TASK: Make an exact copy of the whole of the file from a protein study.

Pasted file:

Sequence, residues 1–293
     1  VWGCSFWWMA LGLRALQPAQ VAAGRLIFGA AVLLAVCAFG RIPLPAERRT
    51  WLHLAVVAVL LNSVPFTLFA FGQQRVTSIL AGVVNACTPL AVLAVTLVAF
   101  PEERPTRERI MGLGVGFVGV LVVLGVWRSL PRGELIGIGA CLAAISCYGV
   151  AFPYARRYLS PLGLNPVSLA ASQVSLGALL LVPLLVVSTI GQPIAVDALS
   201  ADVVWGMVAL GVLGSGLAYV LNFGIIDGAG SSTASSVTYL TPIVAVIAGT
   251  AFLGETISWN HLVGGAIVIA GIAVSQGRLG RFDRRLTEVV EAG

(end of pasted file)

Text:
Sequence, residues 1–293
     1  VWGCSFWWMA LGLRALQPAQ VAAGRLIFGA AVLLAVCAFG RIPLPAERRT
    51  WLHLAVVAVL LNSVPFTLFA FGQQRVTSIL AGVVNACTPL AVLAVTLVAF
   101  PEERPTRERI MGLGVGFVGV LVVLGVWRSL PRGELIGIGA CLAAISCYGV
   151  AFPYARRYLS PLGLNPVSLA ASQVSLGALL LVPLLVVSTI GQPIAVDALS
   201  ADVVWGMVAL GVLGSGLAYV LNFGIIDGAG SSTASSVTYL TPIVAVIAGT
   251  AFLGETISWN HLVGGAIVIA GIAVSQGRLG RFDRRLTEVV EAG